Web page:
Tips for Listening Skills - Forbes Article
Tips for Listening Skills
Read an enlightening article on Forbes’ site outlining the importance of listening for anyone in a leadership position.
As a company that designs Corporate Workshops for our clients in the Dallas-area, the core principle of active listening is a main focus during these sessions.
“The most basic of all human needs is the need to understand and be understood. The best way to understand people is to listen to them.” states Dr. Ralph Nichols, a pioneer in the study and development of the field of listening.
The article, Three Ways Improv Comedy Can Improve Your Listening Skills, written by Kathleen Taylor-Gadsby, underscores the importance of being a good listener and how that skill is essential to being a good leader and a good team member. Without it, it is virtually impossible to have a cohesive team.
Can you guess where else being a very good listener is a critical skill? Improv!
Great improv can only happen when everyone involved is actively listening to their colleagues.
As we always highlight when working with groups – a successful improvisor also practices active listening. Through improvisation, you understand the importance of not only listening, but understanding before reacting.
Kathleen highlights three ideas that anyone can implement to help them become a better listener, which automatically makes you a better teammate.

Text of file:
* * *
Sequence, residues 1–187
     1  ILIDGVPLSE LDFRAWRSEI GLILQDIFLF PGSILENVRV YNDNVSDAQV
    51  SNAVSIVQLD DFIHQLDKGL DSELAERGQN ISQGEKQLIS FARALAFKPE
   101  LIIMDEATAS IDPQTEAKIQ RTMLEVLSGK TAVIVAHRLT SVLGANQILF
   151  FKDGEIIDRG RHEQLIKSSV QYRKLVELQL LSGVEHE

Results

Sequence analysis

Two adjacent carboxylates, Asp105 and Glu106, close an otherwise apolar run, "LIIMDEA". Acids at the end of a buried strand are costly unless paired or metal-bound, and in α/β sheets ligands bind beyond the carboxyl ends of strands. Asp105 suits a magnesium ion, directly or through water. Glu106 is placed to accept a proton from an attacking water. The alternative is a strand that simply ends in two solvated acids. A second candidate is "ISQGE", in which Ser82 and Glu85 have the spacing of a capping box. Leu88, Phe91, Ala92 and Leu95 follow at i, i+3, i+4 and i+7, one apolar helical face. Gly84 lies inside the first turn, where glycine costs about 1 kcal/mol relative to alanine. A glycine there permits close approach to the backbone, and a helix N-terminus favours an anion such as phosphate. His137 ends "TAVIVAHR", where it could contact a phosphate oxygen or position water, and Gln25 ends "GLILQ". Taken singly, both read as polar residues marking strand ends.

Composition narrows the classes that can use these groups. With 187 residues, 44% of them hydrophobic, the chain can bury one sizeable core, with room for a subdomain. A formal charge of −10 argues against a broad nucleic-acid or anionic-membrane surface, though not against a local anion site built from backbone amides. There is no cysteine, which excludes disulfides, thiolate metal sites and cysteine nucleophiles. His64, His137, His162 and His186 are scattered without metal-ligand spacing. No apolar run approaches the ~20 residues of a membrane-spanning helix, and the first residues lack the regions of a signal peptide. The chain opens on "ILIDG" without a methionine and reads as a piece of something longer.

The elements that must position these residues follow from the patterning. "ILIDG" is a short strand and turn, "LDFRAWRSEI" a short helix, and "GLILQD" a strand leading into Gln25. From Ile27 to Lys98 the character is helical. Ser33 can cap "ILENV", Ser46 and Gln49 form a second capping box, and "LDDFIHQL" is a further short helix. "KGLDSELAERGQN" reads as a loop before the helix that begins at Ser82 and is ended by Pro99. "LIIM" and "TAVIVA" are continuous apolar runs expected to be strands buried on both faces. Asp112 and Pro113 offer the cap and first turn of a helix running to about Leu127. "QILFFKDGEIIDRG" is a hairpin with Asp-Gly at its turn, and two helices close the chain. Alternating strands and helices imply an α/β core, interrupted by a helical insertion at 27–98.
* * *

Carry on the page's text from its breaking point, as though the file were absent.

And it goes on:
One of her tips is to embrace the tried and true foundation of improv…”Yes, and”
As Kathleen writes, “ “Yes, and” creates a partnership. It continues the conversation and augments it with new information or perspective. It can also encourage more creativity from everyone involved as you explore what is possible. The “yes” in this phrase does not necessarily indicate complete alignment; instead, it opens the door for more.”
She also looks at “Give-and-Take” as another tip, writing “in the workplace, the idea of give-and-take allows everyone a chance to speak, to explain, to rebut and to collaborate. As the originator of an idea, I may take the lead in opening the dialogue. After I have made my key points (remember, this is not a monologue), I stay quiet so that my partner or team can weigh in with their thoughts. This is the time in which each voice should be heard as you intentionally create space for each person to express their thoughts.
You can read the full article - “How Improv can Improve Your Team and Leadership Skills”
As a teammate, or a leader of a team, think about how you are engaging with your colleagues. Are you actively listening to what’s being said and understanding before reacting? Do your teammates feel you’re engaged and giving them your full support? Does your team feel empowered to contribute their ideas and feedback in an environment that will accept and respect what’s being offered?
If you feel your team could use some work in these areas, looking at a Team Building Workshop might be worth a look.
Learn more about how we help our clients build stringer teams and leaders:
We also suggest our friend’s from Dad’s Garage in Atlanta as an option for a workshop if you’re in that area.